Our End of the Lake, by Ron Foster, is about a man named Dave who finds himself in Atlanta, about 180 miles from home when a solar storm causes an apparently world-wide EMP event. He’s also cut off from the bug out bag in the back of his car, on the far side of the city in the wrong direction.
Dave is former Army, a moderately advanced prepper, probably in his 50s, and had just been hired on with FEMA the morning of the EMP event. So like many of the main characters in survival fiction, Dave is leaps and bounds ahead of the general public.
Unlike some depictions of FEMA employees as spineless, remora-like commies, Dave’s new boss, Jack, “was a grizzled old First Sergeant from the Vietnam era that had retired from the Army.” The boss, a few other employees and Dave were in a bar celebrating his new job – fairly carefree drinking is a theme throughout the book.
The power goes out and the FEMA guys quickly figure out what happened. As FEMA has no real plan to deal with such an event, Dave sets off for home on foot with a younger co-worker who needs to travel most of the same route.
Feeling naked without a pack and preparing for a long hike on foot, one of the first things Dave does is steal a drop cloth and some rope from an unattended painters van to make a horseshoe pack (complete with illustration). This is the first of a good bit of looting framed as scavenging that takes place throughout the story, enough to render Rawles catatonic.
This is a good place to note that the author picks out tips and little tricks that might be useful and turns them into a teaching moment with instructions. Some of these are useful, a few are strange, such as very detailed instructions later in the book for starting a vintage tractor that was unaffected by the EMP.
Since this is in the first few days of the event, things aren’t as dangerous as they will become, and they take the highway towards their destination. The do a good job of looting vehicles along the way, end up meeting some really nice people and getting slightly liquored up.
When they make it to the rural destination of the younger co-worker, again everyone is nice, everyone is pitching in to prepare, there is a fantastic BBQ, Dave make a deal to use an antique tractor to drive the rest of the way to his home, and there is a good bit of drinking.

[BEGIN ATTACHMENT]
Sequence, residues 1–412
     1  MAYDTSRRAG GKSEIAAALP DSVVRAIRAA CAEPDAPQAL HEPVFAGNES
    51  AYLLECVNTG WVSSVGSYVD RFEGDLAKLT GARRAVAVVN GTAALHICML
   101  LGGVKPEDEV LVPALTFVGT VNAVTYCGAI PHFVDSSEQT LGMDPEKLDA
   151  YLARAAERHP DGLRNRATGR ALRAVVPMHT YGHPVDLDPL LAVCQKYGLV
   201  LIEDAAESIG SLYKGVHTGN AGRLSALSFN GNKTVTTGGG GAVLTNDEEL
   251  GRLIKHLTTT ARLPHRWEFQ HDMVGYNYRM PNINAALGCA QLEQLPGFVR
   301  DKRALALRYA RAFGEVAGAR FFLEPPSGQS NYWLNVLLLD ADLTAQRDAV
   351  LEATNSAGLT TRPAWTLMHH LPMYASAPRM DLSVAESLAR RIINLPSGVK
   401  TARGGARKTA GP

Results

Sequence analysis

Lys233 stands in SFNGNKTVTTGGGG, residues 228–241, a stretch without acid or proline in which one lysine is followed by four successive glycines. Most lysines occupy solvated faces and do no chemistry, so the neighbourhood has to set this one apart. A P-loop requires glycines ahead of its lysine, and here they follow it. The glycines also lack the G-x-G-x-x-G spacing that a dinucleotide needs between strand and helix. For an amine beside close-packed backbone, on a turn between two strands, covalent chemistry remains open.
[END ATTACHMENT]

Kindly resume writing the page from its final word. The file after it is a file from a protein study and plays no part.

Dave makes it home to his mother and makes contact with his ex-girlfriend, also a prepper. They pull in a few close friends and work on stockpiling as much food and supplies as they can, and they do pretty well. Although it’s now been many days since the EMP, they run into no real security issues, and there is some drinking going on.
They soon decide to leave their city before things fall apart and get dangerous. Using the tractor to pull a trailer with their supplies, they make their way to a secluded lake where they have a friend.
Once at the lake, they find most cabins deserted and commence systematic looting. They talk about security and firearms, meet some really nice people, had a feast of sorts, do some drinking, etc.
I don’t harp too much on the grammatical and spelling errors (glass houses and all) found in most recent self-published survival fiction, but the Kindle version had some annoying formatting issues that need to be dealt with.
And if you can’t tell, I fault the author with making the apocalypse sound sort of like a good time where you’ll meet a lot of nice folks and get comfortably numbed with booze, sounds like a party. Aside from sounding like a feel-good party, in a real situation like this if you start looting like Dave and crew were, you’d probably get shot fairly quickly.
Also, this book is sold as, “the complete Prepper Trilogy Containing Books 1-3,” which may be used to justify the $7.25 price tag, but seemed about as long as an average book.
Overall this is a fair read, but I’d borrow if from the library rather than buy.